Flash in the Pan
A Quarterly Posting at Tiny Lights
Mother F***ing Glove
by Joan Zerrien
Nearly fifty years later, I'm still not going to spell it out for you. That was the first time I'd ever heard those first two words spoken and I was shocked that they were spoken by the sweet mamacita beside me who barely came up to my shoulder, her jet black hair encased in industrial net, her coppery arms wiry-muscled, her voice dulled by fatigue.
Deafened by the incessant clatter of unlabeled tin cans on narrow conveyor belts overhead, we stared woodenly at the industrial rubber glove lying at our feet. It had slipped from her hand as we stood propped like drooping mannequins against a wall during the 2:45am break, too tired to bother taking off our gloves. Clearly, what it would cost her to bend over seemed more trouble that it was worth. If ever the words were fairly spoken, this could have been it.
We were halfway through the graveyard shift at Tilly Lewis Foods, Stockton, CA in the scorching August of 1967 and this was the best-paying summer job I could get. This was probably her best-paying job, period. Nobody pulled graveyard at the cannery because they liked it.
Fruit dumpers were rushing the line workers that night; too many end-of-season peaches coming too fast down the belt. My job was dangerous: flipping peach halves over and feeding them into the slicer. If I let my hand follow through on that motion I'd lose it to the blades. I was whipped; I'd already fallen off my packing crate twice, the second time raising a big scrape on my shin. Every cell in my body was in sympathy with the woman beside me.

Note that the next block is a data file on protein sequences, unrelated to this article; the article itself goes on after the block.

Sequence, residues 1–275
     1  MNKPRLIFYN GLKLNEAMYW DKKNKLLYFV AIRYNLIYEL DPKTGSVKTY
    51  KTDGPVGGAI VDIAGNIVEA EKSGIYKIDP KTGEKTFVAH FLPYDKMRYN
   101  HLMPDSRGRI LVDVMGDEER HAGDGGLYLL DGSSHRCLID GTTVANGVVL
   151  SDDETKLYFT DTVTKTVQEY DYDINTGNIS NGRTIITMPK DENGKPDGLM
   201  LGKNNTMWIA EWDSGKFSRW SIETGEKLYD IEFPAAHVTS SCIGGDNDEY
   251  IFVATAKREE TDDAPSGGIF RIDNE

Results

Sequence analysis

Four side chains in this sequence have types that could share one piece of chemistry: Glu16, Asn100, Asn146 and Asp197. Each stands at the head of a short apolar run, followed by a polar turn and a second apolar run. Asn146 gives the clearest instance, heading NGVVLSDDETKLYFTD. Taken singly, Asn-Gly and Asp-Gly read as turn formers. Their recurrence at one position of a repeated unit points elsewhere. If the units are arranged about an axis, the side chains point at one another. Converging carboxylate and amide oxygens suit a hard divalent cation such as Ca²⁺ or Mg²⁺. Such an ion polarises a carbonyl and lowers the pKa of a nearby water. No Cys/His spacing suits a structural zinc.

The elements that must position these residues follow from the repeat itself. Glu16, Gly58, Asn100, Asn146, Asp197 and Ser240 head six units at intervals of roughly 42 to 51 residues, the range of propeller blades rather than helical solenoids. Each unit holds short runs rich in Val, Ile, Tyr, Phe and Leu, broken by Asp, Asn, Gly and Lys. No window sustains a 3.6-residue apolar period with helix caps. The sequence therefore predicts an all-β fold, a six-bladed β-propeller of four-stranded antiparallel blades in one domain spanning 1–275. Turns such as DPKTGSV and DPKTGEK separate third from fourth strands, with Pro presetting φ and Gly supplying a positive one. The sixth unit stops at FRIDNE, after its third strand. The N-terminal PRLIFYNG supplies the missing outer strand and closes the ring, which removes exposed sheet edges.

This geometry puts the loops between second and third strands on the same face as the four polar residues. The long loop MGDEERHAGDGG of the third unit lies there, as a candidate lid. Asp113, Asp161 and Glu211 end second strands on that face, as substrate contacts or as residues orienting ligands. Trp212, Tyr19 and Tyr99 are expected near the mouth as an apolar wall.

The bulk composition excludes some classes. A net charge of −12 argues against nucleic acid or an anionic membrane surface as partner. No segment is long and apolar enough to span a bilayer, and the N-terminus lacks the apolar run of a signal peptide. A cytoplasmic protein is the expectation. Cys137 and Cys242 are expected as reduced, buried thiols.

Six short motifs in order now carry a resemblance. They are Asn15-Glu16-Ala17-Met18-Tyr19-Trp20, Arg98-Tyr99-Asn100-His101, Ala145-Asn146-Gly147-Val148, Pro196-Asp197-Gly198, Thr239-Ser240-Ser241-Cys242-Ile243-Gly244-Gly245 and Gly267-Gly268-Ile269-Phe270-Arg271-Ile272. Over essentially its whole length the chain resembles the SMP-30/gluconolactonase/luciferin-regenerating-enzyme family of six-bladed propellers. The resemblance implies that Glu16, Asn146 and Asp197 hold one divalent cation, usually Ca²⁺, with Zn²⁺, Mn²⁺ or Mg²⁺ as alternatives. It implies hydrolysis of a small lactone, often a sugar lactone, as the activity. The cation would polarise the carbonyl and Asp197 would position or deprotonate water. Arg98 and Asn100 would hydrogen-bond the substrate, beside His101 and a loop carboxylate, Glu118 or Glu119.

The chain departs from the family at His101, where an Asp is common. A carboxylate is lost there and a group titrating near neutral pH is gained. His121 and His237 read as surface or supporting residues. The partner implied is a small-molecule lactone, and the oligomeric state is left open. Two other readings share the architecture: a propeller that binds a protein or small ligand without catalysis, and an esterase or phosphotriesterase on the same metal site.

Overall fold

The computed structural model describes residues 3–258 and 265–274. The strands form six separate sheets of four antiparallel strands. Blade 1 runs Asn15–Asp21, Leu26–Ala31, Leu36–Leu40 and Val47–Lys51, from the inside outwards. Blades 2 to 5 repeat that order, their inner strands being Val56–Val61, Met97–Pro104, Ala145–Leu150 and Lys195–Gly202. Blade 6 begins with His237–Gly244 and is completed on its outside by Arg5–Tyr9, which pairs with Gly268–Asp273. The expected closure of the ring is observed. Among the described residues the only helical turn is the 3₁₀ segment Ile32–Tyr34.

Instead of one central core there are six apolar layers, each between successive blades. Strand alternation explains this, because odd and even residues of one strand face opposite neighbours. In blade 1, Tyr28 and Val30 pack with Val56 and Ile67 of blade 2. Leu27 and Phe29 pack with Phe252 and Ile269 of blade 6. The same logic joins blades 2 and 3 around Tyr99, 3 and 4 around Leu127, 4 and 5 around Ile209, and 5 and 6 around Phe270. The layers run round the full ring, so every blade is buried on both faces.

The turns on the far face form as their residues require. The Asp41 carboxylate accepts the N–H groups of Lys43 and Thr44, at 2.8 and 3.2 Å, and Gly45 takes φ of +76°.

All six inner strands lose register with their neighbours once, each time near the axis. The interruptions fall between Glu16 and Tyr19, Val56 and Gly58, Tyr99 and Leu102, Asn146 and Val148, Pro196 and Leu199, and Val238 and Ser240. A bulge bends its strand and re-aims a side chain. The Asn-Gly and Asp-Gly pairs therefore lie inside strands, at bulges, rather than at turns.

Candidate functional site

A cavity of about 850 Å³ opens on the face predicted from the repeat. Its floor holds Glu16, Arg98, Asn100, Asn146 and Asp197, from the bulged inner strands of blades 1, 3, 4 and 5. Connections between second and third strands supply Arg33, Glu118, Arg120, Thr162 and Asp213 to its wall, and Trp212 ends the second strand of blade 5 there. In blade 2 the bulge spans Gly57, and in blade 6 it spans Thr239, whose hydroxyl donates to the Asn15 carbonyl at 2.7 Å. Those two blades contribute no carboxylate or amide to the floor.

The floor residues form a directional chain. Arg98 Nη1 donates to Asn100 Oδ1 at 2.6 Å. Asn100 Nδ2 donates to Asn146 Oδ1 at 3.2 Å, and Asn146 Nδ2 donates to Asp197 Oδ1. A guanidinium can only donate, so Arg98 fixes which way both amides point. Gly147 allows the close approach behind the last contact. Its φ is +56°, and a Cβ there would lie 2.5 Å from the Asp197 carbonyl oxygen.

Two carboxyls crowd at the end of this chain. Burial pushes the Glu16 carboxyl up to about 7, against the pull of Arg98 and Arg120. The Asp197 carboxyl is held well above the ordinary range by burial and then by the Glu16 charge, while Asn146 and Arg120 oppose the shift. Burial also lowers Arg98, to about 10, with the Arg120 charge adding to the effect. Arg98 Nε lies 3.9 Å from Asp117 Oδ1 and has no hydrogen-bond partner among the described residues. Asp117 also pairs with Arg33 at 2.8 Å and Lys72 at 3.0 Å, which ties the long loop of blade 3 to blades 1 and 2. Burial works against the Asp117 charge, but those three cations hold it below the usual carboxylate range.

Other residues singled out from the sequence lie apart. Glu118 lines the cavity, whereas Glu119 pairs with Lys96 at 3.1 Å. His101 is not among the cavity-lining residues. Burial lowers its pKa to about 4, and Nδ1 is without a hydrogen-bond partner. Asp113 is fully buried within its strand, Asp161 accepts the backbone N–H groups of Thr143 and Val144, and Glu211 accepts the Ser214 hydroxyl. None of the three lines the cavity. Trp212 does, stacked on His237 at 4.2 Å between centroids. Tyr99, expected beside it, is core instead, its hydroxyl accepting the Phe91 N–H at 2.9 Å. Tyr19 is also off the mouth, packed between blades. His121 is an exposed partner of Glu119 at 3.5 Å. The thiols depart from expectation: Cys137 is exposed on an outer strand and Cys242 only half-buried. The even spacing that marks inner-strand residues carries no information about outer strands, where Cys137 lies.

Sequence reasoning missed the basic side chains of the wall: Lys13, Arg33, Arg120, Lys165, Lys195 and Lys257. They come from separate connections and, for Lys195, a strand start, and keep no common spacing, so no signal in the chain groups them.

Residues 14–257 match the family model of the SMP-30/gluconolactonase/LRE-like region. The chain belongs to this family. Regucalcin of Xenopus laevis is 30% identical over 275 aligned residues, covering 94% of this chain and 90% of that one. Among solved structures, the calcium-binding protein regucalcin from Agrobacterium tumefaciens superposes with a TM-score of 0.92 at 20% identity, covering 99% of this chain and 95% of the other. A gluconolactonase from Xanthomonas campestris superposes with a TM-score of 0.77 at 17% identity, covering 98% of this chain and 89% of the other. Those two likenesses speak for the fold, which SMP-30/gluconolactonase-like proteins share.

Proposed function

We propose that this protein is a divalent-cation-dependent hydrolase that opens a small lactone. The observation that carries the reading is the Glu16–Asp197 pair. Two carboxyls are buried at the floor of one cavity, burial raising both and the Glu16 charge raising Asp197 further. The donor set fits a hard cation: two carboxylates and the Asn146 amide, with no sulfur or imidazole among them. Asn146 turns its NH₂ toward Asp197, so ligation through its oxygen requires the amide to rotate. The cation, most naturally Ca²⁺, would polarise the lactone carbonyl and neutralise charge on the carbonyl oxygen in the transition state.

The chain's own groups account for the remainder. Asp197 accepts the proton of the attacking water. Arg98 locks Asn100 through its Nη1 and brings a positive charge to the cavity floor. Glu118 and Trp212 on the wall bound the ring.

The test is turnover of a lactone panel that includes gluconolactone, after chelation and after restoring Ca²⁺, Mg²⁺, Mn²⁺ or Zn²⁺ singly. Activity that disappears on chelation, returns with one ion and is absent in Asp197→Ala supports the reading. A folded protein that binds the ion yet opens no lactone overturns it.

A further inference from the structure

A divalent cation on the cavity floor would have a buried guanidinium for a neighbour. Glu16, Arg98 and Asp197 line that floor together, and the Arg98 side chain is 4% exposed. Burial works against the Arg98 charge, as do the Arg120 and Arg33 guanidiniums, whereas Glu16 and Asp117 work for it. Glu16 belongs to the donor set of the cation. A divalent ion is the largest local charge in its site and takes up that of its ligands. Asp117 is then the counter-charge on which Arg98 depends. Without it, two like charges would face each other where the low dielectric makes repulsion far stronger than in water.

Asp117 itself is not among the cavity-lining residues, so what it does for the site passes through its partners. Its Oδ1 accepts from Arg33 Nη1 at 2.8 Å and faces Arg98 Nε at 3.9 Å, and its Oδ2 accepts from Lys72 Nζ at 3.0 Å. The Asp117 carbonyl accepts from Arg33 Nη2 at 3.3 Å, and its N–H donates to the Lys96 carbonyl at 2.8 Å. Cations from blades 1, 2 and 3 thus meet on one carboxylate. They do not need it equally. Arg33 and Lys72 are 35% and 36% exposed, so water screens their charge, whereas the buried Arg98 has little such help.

I knew that come morning I would go to bed in my dingy studio apartment while most likely she would be going home to care for a couple kids, with little rest before the following night.
I picked up her glove. She smiled. "Eres amable." You are kind.
I nodded. "De nada." You're welcome.
I thought with longing of my couch bed on the ground floor of a dilapidated house just half a block from the cemetery in the old part of town. If the neighbors were quiet during the day I slept well. The trains running along the far edge of the cemetery were never quiet, but I got used to them. A wailing whistle went off at 10 every morning, after I'd gotten home and showered the syrup slime off my body, eaten a meal I never knew to call breakfast or dinner, and fallen like a log into bed.
Maybe someone told me this, or maybe I made it up, but I believed the whistle blower was an engineer on his way home, letting his wife know the long night was over. Each time it woke me, it also reassured me. I went right back to sleep. I knew that when peach season was over I was going off to college, getting myself an education, and never working graveyard again.
Joan Zerrien is pleased to report that other than brief periods when her daughters were young or ill she has never again worked the 11pm-7am shift. She lives in Woodland Hills, CA and sincerely appreciates her good fortune in having been included in Tiny Lights over the past decade or so.
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